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Toxics 2017, 5(1), 3; doi:10.3390/toxics5010003

Urinary Naphthol as a Biomarker of Exposure: Results from an Oral Exposure to Carbaryl and Workers Occupationally Exposed to Naphthalene

Health and Safety Executive, Harpur Hill, Buxton SK17 9JN, UK
Academic Editor: David Bellinger
Received: 27 October 2016 / Revised: 28 December 2016 / Accepted: 30 December 2016 / Published: 6 January 2017
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Abstract

Urinary naphthol is an established human biomarker used for assessing both occupational and environmental exposure. However, 1-naphthol is a metabolite of the insecticide carbaryl while both the 1- and 2-isomers are metabolites of naphthalene. Thus, urinary 1-naphthol levels will reflect combined exposure to both substances, particularly at environmental levels. The interpretation of biomarkers is aided by knowledge of levels following well-characterised exposure scenarios. This study reports urinary 1-naphthol levels in five volunteers administered an oral dose of carbaryl at the acceptable daily intake (ADI, 0.008 mg/kg). The elimination half-life was 3.6 h and the mean 1-naphthol level in 24 h total urine collections, normalised for a 70 kg individual, was 37.4 µmol/mol creatinine (range 21.3–84.3). Peak levels in spot-urine samples were around 200 µmol/mol creatinine. For comparison, 327 post-shift urine samples obtained from 90 individual workers exposed occupationally to naphthalene had 1-naphthol levels from below the limit of detection (<LoD) to 1027 µmol/mol creatinine (median = 4.2, mean = 27.2). The 2-naphthol levels ranged from <LoD to 153 µmol/mol creatinine (median = 4.0, mean = 8.1). Background ranges have been reported for urine naphthols in several populations, with upper limits between 10 and 20 µmol/mol creatinine. The data reported here suggest that environmental exposure to carbaryl and naphthalene in these populations is well controlled. View Full-Text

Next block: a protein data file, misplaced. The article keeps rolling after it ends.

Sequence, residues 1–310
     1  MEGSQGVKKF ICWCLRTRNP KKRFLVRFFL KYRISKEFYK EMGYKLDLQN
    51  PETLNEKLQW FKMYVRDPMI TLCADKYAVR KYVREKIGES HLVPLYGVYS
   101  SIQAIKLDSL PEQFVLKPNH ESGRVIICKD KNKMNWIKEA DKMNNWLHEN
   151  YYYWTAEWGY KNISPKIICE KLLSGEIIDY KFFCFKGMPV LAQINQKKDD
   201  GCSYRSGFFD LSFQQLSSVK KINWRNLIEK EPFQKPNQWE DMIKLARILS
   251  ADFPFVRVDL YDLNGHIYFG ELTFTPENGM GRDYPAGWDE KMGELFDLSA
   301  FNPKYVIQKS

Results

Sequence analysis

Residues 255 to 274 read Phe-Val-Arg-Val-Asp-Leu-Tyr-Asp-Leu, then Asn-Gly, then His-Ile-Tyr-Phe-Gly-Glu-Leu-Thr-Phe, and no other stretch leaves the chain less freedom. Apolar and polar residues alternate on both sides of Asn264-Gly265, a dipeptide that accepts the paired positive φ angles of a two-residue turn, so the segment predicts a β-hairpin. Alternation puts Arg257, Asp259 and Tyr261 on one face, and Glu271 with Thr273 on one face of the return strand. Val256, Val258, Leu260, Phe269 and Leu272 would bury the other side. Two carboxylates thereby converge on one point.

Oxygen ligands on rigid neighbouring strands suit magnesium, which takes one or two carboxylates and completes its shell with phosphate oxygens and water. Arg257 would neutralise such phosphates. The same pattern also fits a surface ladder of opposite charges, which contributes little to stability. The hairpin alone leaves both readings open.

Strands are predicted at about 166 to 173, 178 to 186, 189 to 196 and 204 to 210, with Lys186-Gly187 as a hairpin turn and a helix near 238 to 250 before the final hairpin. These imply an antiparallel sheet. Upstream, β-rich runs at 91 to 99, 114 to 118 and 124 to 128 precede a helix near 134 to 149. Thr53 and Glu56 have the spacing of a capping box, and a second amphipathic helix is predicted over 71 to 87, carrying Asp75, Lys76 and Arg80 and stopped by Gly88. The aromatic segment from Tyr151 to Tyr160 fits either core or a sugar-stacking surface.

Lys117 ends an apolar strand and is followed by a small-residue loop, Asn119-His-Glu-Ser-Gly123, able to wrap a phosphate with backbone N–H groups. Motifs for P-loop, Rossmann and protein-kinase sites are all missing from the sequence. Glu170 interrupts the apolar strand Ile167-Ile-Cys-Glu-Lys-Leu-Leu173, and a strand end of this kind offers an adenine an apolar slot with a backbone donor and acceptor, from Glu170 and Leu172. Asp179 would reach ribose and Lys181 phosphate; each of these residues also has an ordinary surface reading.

Keywords: carbaryl; exposure assessment; human biomonitoring; naphthalene; naphthol carbaryl; exposure assessment; human biomonitoring; naphthalene; naphthol
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This is an open access article distributed under the Creative Commons Attribution License which permits unrestricted use, distribution, and reproduction in any medium, provided the original work is properly cited. (CC BY 4.0).

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Sams, C. Urinary Naphthol as a Biomarker of Exposure: Results from an Oral Exposure to Carbaryl and Workers Occupationally Exposed to Naphthalene. Toxics 2017, 5, 3.

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